Open the project SELECT7.VBP. The form shown in Figure 3.9 appears. The list shows all the publishers in the Publishers table
that do not have entries in the Publisher Comments table.
Figure 3.9. The SQL Left Join form on startup.
1. Create a new project called SELECT7.VBP. Use Form1 to create the objects and properties listed in Table 3.10.
Table 3.10. Options and properties for the Outer JOINer form.
OBJECT
Property
Setting
Form
Name
Form1
Data
Caption
Name
Caption
Chapter 3.7 Example
dtaData
dtaData
RecordSource SELECT Publishers.[Company
Name] FROM Publishers LEFT
JOIN [Publisher Comments]
ON Publishers.PubID =
[Publisher Comments].PubID
WHERE [Publisher
Comments].PubID IS NULL
ORDER BY [Company Name]
Visible
False
DBList
Name
dlstAuthors
RowSource
dtaData
ListField
CommandButton Name
Caption
Author
cmdClose
&Close
Label
lblAuthors
Authors without Title
records:
Name
Caption
2. Add the following code to the declarations section of Form1:
Option Explicit
Private Const BIBLIO_PATH = _
"D:\Program Files\Microsoft Visual Studio\VB6\Biblio.MDB"
3. Add the following code to the Load event of Form1:
Private Sub Form_Load()
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`Set the DatabaseName of the Data control.
dtaData.DatabaseName = BIBLIO_PATH
End Sub
4. Add the following code as the Click event of cmdClose:
Private Sub cmdClose_Click()
End
End Sub
How It Works
The dtaData recordset is built by the following SQL statement:
SELECT Publishers.[Company Name]
FROM Publishers LEFT JOIN [Publisher Comments]
ON Publishers.PubID = [Publisher Comments].PubID
WHERE [Publisher Comments].PubID IS NULL
ORDER BY [Company Name]
The WHERE clause of that SQL statement creates a LEFT JOIN between the left-side table (Publishers) and the right-side table
(Publisher Comments). Ignoring the WHERE clause for a moment, this LEFT JOIN would create a snapshot with one record for
each record in the Publisher Comments table, plus one record for every record in the Publishers table that does not have a
matching record in Publisher Comments.
The WHERE clause eliminates from the snapshot all records in which there is a Publisher Comment, because the [Publisher
Comments].PubID field will not be NULL where there is a record in Publisher Comments. For snapshot records created by
records in Publishers without matching records in Publisher Comments, [Publisher Comments].PubID is NULL; the
WHERE clause causes these records to be included in the output snapshot.
Comments
Like the INNER JOIN, explained in the preceding How-To, this can be a powerful tool if used well. You should experiment with
the behavior of all sorts of joins--you might be surprised at what you get. Use this How-To's code as a basic example, and go from
there, trying out different SQL joins to get a feel for what to expect with other SQL queries involving JOIN statements.
3.8 How do I...
Retrieve information such as counts, averages, and sums and display it by binding it
to a Data control?
Problem
I'd like to extract descriptive statistics about the data in a table (for example, averages and sums or numeric fields, minimum and
maximum values, and counts of records that meet certain criteria). How can I use SQL to accomplish this task?
Technique
SQL includes a rich set of aggregate functions--functions you can embed in SQL statements to return descriptive statistics about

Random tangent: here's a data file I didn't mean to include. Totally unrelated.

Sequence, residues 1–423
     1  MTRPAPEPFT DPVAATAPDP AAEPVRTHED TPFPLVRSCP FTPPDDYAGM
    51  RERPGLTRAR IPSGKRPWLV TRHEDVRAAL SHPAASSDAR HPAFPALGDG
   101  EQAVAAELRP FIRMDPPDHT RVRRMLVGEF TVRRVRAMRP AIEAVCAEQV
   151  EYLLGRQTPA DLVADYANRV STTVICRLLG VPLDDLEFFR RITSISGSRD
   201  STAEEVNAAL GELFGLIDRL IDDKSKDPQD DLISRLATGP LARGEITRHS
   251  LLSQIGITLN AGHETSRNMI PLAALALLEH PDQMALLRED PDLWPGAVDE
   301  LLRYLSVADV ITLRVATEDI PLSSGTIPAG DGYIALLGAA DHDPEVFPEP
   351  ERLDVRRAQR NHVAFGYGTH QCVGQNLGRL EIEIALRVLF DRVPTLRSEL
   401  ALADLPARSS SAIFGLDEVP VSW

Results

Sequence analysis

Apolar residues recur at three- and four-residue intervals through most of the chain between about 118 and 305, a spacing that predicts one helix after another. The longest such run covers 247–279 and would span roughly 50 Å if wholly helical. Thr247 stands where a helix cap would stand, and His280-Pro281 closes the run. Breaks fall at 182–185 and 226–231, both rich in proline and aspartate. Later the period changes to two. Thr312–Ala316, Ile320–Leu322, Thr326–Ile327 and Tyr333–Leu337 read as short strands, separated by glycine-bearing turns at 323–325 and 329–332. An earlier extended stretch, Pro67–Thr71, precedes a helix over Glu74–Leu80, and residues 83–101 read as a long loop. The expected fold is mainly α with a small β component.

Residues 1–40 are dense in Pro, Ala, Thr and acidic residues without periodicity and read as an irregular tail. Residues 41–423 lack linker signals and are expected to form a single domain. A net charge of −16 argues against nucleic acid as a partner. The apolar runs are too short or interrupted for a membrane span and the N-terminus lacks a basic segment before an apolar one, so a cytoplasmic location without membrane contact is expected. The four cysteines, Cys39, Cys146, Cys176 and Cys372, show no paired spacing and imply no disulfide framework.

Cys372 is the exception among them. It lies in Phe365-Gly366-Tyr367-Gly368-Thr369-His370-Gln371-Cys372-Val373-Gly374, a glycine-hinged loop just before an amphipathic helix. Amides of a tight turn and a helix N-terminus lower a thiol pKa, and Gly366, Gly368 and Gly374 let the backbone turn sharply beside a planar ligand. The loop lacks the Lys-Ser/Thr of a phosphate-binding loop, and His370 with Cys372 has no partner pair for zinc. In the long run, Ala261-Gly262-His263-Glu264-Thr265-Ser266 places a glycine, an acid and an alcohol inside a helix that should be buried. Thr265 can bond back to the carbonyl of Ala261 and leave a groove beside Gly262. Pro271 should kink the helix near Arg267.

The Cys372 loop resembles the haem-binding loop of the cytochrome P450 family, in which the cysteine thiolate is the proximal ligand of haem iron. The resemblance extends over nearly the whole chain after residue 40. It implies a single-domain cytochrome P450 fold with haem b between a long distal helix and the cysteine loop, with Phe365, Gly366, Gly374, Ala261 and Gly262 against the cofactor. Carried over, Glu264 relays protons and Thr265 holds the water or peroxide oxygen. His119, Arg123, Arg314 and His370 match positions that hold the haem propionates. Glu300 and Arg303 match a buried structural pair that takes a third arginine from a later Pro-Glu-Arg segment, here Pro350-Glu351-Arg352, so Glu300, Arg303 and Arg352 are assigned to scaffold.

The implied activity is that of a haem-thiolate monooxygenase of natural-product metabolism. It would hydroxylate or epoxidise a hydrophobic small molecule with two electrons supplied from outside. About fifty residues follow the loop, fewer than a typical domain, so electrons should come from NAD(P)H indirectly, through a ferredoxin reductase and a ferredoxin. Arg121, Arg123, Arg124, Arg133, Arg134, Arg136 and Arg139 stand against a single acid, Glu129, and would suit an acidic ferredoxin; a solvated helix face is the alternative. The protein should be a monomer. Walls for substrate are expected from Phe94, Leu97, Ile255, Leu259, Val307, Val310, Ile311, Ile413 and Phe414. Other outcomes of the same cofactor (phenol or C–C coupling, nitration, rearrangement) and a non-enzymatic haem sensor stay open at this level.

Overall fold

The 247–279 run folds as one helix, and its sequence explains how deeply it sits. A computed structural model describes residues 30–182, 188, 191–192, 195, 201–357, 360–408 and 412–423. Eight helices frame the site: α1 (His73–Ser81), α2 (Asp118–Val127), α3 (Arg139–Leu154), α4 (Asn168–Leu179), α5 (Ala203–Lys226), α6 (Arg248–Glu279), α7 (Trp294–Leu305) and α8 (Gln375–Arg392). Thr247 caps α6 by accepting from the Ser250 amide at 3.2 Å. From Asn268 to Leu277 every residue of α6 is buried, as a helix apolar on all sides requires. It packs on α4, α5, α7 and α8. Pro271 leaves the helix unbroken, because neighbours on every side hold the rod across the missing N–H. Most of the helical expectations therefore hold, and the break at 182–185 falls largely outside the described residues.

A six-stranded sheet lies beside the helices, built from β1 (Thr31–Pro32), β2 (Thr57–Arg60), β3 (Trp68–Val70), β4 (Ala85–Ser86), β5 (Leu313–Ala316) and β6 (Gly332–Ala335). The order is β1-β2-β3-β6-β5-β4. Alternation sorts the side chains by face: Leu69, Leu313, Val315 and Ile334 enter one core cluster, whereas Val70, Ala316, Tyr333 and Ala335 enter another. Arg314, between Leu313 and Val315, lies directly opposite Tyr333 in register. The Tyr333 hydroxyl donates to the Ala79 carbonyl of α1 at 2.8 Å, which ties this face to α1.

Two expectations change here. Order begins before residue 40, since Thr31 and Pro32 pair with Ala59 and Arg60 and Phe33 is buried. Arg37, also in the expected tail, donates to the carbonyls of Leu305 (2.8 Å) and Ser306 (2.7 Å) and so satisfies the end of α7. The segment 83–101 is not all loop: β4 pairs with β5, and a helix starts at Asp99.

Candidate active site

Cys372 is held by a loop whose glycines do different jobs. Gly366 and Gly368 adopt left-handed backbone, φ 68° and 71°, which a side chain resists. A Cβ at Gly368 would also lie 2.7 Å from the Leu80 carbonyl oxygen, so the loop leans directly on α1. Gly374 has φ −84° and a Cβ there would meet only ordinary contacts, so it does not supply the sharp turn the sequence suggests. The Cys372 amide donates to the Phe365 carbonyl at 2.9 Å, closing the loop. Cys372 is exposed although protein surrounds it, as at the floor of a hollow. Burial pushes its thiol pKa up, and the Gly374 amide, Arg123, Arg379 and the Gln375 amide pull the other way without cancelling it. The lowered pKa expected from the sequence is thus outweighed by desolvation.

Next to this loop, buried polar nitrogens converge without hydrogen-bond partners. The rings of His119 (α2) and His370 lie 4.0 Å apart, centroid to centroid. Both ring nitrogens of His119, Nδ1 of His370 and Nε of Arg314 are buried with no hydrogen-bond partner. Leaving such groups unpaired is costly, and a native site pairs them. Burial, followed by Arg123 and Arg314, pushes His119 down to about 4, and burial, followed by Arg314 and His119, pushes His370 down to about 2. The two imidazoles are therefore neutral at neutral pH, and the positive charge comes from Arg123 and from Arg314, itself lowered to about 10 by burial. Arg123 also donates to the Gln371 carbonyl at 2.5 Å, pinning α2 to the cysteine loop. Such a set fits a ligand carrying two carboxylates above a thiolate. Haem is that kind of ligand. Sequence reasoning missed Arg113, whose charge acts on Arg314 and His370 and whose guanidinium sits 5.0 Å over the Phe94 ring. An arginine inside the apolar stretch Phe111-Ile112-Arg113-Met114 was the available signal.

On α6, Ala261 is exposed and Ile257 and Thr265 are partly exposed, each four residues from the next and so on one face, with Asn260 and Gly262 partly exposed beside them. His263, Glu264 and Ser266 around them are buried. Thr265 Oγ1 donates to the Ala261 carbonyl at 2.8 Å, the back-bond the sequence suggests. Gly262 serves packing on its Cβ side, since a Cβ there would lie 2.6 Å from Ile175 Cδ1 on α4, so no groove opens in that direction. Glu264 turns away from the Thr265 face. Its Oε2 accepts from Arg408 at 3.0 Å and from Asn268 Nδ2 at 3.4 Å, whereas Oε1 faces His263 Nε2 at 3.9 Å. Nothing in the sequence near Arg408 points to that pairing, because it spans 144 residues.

the data in your database. Table 3.11 lists the aggregate functions available and shows what each function returns. Note that all
functions ignore NULL values in the recordset.
Table 3.11. SQL aggregate functions.
AGGREGATE FUNCTION Returns
Sum
Avg
Sum of the values in a designated numeric field
Count
Count of non-NULL values in one or more designated fields
Minimum value in a designated numeric or text field
Min
Average of the non-NULL values in a designated numeric field
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Max
Maximum value in a designated numeric or text field
First
Value of a designated field in the first record in the recordset
Last
Value of a designated field in the last record in the recordset
StDev
Sample standard deviation of the non-NULL values in a designated field
StDevP
Population standard deviation of the non-NULL values in a designated field
Var
Sample variance of the non-NULL values in a designated field
VarP
Population variance of the non-NULL values in a designated field
The syntax for using these functions in the SELECT clause of a SQL statement is the same for all functions:
<functionname>(<fieldname>) AS <outputfieldname>
The <fieldname> is the name of the field in the table whose records you are examining. The <outputfieldname> is the
name you give to the result column in the recordset created by the SQL statement. The two field names must be different, and the
<outputfieldname> cannot duplicate the name of a field in any table referenced in the SQL statement.
For example, assume that you want to get a total of the Invoice Amount field for all Invoice Table records with Invoice
Dates between January 1, 1996, and January 31, 1996. Your SQL statement could be this:
SELECT SUM([Invoice Amount]) AS SumOfInvoices
FROM Invoices
WHERE [Invoice Date] BETWEEN #1/1/1996# AND #1/31/1996#
That statement would return a recordset consisting of one record with one field, with a field name of SumOfInvoices. The
field's value would be the total of all the invoices between the specified dates.
You can include more than one aggregate function in a SQL statement. The following statement would return a single record with
two fields, SumOfInvoices and AverageInvoice. SumOfInvoices would be the sum of all invoices for the designated
customer. AverageInvoice would be the average invoice amount for that customer (disregarding any fields for which the
Invoice Amount is NULL).